To view the flyer, click here.

 

 

September 21, 2016

Fifteen Years After 9/11: How Have the U.S. and the World Changed

 

Wednesday, September 21

12:00pm - 1:15pm

George Hall 301B

 

Featuring Williamson B.C. Chang from William S. Richardson School of Law, Khara Jabola Caolus from Hawaii Coalition for Immigrant Rights and our own professors Ibrahim Aoude and Noel Kent.

 

To view the flyer, click here.

 

 

September 8, 2016 - September 10, 2016

Judy Rohrer Book Tour: Staking Claim

 

Judy Rohrer has released a new book titled Staking Claim: Settler Colonialism and Racialization in Hawaiʻi and will be speaking about it during her Honolulu tour. Staking Claim demonstrates the ways racialization fuels settler colonialism in the islands through an interdisciplinary analysis. It argues that the racialization of Hawaiiians and the indigenization of non-Hawaiians work concurrently to enable the staking of non-Hawaiian clains to Hawaiʻi.

 

Thursday, September 8

12:00pm - 1:15pm

Genealogies, Kuleana, and Unstaking Settler Colonial Claims to Hawaiʻi

UH Manoa, Kuykendall 410

 

Friday, September 9

2:30pm - 4:00pm

Staking Claim: Settler Colonialism and Racialization in Hawaiʻi

UH Manoa, Saunders 624

 

Saturday, September 10

4:00pm - 6:00pm

Book Celebration for Staking Claim

Nā Mea Hawaiʻi, Ward Warehouse

 

To view the flyer, click here.

 

 

September 6, 2016 - September 7, 2016

Partnership for Lands, Seas, and Skies: Conversations with Science, Tradition and the Sacred Symposium

 

This all-day conversation (on Sept. 7th) between traditional knowledge holders, guardians of sacred lands, natural scientists, academics and protected area managers will unfold through a series of discussions about specific places and issues loosely organized around three domains (lands, seas, and skies). The goal of the symposium is to highlight possibilities for growing collaboration, mutual understanding and better protection of biodiversity, indigenous land rights, and sacred natural sites and territories. Whether perceived through the lens of science or the sacred, nature and nature’s spaces and cultural diversity alike face tremendous threats, and now more then ever we need innovative approaches, new thinking, and concerted efforts to provide appropriate solutions. Enhancing and fostering dialogue between different epistemic communities, different ways of thinking about and approaching western science, tradition, and the sacred is the goal. A concluding roundtable and open-room dialogue seeks to raise the meaning of the day’s conversations for our work as scientists and scholars, the policies at our university, and for the research goals and directions this gives us as a community of teachers and learners.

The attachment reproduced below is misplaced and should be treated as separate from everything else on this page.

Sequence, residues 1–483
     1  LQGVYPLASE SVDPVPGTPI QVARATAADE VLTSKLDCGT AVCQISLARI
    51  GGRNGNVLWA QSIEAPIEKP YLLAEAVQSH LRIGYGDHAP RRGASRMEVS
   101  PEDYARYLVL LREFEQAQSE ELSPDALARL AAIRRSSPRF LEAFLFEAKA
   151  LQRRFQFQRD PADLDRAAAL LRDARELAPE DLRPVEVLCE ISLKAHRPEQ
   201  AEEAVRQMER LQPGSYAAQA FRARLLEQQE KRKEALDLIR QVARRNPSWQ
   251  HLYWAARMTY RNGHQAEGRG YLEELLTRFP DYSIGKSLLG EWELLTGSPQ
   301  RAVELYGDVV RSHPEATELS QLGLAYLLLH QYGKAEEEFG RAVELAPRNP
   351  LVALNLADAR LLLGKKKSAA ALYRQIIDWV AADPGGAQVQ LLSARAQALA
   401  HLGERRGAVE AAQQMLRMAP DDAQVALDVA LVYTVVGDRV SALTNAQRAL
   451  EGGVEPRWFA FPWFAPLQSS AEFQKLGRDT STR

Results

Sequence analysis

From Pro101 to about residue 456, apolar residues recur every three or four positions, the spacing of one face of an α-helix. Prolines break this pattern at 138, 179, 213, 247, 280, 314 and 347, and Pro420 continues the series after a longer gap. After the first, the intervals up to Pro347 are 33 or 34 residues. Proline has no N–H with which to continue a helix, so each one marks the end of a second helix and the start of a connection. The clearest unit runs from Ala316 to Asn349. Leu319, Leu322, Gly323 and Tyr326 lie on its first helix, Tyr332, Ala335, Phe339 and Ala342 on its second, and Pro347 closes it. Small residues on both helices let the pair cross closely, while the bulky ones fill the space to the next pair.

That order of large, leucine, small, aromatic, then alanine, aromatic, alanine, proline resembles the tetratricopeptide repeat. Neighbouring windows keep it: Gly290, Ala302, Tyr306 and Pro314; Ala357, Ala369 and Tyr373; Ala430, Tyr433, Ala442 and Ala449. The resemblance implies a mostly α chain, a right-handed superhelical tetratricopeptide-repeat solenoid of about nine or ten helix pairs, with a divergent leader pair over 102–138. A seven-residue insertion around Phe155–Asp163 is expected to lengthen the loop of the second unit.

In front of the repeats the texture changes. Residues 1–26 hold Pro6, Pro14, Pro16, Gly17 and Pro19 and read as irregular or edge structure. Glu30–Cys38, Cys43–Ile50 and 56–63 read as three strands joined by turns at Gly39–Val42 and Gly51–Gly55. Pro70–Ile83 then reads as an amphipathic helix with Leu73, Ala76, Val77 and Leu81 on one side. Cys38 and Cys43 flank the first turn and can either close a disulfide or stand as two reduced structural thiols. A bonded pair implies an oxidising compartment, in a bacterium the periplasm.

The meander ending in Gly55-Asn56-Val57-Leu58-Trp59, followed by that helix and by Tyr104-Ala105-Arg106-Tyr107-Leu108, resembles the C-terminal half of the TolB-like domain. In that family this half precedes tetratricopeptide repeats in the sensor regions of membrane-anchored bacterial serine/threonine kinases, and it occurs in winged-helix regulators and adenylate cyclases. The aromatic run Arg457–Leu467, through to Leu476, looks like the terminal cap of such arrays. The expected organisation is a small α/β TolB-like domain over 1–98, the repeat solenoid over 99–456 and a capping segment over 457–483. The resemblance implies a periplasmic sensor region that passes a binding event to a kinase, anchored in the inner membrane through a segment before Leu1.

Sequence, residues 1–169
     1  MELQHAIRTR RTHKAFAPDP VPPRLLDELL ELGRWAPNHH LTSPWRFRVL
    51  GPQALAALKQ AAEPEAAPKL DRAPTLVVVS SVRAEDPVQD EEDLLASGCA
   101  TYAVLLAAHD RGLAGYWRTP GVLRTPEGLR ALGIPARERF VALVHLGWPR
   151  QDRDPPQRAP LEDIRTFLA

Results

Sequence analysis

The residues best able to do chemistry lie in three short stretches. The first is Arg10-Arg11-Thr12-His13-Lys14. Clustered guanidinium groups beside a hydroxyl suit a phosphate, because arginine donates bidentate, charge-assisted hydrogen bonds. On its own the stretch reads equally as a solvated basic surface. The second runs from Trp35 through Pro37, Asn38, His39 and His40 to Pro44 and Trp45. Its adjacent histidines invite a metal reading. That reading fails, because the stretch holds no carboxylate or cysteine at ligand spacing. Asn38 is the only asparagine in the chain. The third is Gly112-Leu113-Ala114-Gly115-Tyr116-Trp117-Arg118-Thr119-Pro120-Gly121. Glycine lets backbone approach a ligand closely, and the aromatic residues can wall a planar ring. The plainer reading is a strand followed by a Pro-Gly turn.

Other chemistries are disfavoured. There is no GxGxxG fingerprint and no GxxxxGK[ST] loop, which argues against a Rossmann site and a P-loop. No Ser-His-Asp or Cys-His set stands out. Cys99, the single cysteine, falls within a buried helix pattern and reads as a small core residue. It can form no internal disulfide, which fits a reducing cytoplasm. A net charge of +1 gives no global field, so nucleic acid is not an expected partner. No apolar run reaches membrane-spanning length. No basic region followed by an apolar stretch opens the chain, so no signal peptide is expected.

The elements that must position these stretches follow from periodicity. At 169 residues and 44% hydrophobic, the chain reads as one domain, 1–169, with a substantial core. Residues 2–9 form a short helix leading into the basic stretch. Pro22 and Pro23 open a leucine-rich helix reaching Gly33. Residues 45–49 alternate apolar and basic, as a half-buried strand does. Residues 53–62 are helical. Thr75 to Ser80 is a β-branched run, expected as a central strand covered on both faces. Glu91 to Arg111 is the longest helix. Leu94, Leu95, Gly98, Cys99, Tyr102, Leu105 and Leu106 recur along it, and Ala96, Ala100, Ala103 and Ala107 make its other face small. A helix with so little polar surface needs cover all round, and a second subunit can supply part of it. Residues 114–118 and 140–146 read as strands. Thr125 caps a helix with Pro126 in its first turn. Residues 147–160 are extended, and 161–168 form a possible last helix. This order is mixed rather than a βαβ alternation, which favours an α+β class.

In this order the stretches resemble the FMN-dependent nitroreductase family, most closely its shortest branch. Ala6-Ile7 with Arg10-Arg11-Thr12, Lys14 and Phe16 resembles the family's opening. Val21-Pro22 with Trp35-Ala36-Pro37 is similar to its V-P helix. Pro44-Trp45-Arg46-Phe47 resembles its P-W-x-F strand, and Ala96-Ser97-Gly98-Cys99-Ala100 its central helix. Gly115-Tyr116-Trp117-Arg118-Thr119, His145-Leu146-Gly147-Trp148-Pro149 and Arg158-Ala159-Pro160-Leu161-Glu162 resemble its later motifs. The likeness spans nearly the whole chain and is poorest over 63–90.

Co-sponsored by the UH Manoa Department of Ethnic Studies

 

For more information, click here.

 

 

September 1, 2016

Forum with leaders from Okinawa

 

5:30pm - 7:30pm

Hālau o Haumea, Kamakakūokalani Center for Hawaiian Studies

2645 Dole Street

Parking available in the structure for $6 cash

 

Join us for a public forum and discussion with visiting grassroots movement leaders from Okinawa, as they discuss current updates and community resistance to the US military buildup in Henoko and pristine Oura Bay. The more we learn about the connections between Hawaiʻi and Okinawa, the better we can create structures of community strength and nonviolence across the Pacific.

 

Visiting Speakers:

  • Hiroshi Ashitomi is a fisherman and movement leader for the Henoko struggle for over twenty years.
  • Takuma Higashionna grew up in Henoko Village and worked as an underwater welder before getting fired after protesting development of the bay he knew so well. He is currently a Nago City Councilmember, and continues to work to create support for the Henoko community.
  • Hideki Yoshikawa is an anthropologist, International director of the Save the Dugong Campaign Center, and former Chief Executive Director of the Citizens' Network for Biodiversity in Okinawa.

 

Hawaii-Okinawa Alliance (HOA) is a grassroots hui dedicated to building relationships that connect Hawaiʻi and Okinawa peace struggles. For more information, contact: dok@riseup.net

 

Co-sponsored by: Kamakakūokalani Center for Hawaiian Studies, Ukwanshin Kabudan, Native Hawaiian Student Services, Hawaiʻi Peace and Justice, Oceania Rising, Womens Voices Women Speak, Veterans for Peace, and Department of Ethnic Studies